Is the international community that blind or is it only pretending to be? It is hard to say. Yes, the foreign mediators were often so far from the history and the society they were supposed to help arbitrate that it was a game of the blind leading the prejudiced. But they were not completely ignorant. Nor were they devoid of a minimum of strategic policies/interests. The main ghost in the machine is President Yoweri Museveni of Uganda. Linked to the SPLM regime in Juba by a secret treaty which antedated these events by more than a year (its text , signed by Defence Minister Crispus Kiyonga was published in the Ugandan Daily Monitor last year) , Museveni’s troops jumped to the help of President Salva Kiir faster than he could ask them to come . Their firepower (tanks, helicopters) carried the day against lightly-equipped infantrymen. These troops are still there, stationed in Upper Nile. And it seems that this presence is tacitly approved by the United States.

 

But the word “United States” should be used carefully in this case. Because can we say that there is still an “Africa policy” in Washington? This is far from clear. When Under-Secretary of State Johnny Carson retired two years ago, the last person who combined knowledge of Africa, clarity of intent and political clout, disappeared. He was briefly replaced by an intelligent and lucid diplomat, former Ambassador to Ethiopia Don Yamamoto. But he had announced the scenario from day one: he would serve only up to his own retirement and then go, without any delay. This lasted for fourteen months and Ambassador Yamamoto left. He was replaced on August 6th 2013 by a kind but inexperienced career diplomat, Ms Linda Thomas-Greenfield, whose one and only contribution to the Sudan situation was to declare in early 2014 that the alleged “Riak Machar Coup” of December 15th 2013, used to legitimate the wild massacre of the Nuer in Juba, had never taken place, to the best of the US authorities knowledge. Then we never heard of her any more.

 

So if we try to do a bit of the American version of what used to be called “kremlinology” before perestroika (could we called it “Potomacology”?) it seems that the last Washington political heavyweight who cares about Africa is Susan Rice. She is clever, energetic and she enjoys the support of President Obama. But she has various drawbacks: her knowledge of Africa is large but superficial; she skims the top; she knows the leaders, not the populations; her view of African history is more informed by political correctness than by pragmatic knowledge; she is forthright to the point of obstinacy and she has pet likes and dislikes. One of her pet likes is President Museveni (she seems to have a blind spot concerning Museveni’s increasingly authoritarian rule) and one of her pet dislikes is the Khartoum regime whose murderous record is beyond discussion.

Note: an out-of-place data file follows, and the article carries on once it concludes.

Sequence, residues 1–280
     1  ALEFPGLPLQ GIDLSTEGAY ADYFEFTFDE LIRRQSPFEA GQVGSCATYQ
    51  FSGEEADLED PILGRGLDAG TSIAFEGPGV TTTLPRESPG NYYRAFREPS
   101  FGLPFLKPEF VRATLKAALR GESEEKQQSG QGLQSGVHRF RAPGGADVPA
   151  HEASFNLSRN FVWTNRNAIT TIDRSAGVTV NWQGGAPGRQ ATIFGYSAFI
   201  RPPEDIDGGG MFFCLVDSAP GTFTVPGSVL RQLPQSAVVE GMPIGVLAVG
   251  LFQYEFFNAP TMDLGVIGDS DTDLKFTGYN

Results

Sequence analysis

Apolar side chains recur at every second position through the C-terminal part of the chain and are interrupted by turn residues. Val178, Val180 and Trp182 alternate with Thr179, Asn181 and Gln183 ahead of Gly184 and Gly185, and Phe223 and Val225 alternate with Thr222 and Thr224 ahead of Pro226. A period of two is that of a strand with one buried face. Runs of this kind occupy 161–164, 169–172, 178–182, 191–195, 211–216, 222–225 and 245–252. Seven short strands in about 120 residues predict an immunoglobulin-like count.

But the adage that in politics the ends justify the means can take political leaders down strange and twisted paths. President Museveni’s troops in South Sudan do indeed represent a modicum of support for the SPLM-North guerrillas fighting Khartoum in Kordofan. But:

·       This hardly justifies their support for the violently anti-democratic regime in Juba

·       In spite of Abd-el-Azziz al-Hilew’s courage and determination, SPLM-N is unlikely to overthrow Khartoum’s Inqaz regime without a broader coalition of forces.

·       Musevenis’s intents in South Sudan have strong neo-colonialist overtones, which were already present in the same gentleman’s policy of invasion of the Congo, for which the US already displayed a selective blindness amounting to approval.

 

IGAD or no IGAD, South Sudan is not out of the woods yet. And the “stability” provided by Museveni’s forces will keep contributing more to the problem than to the solution.

 

Last Updated on Saturday, 07 March 2015 05:17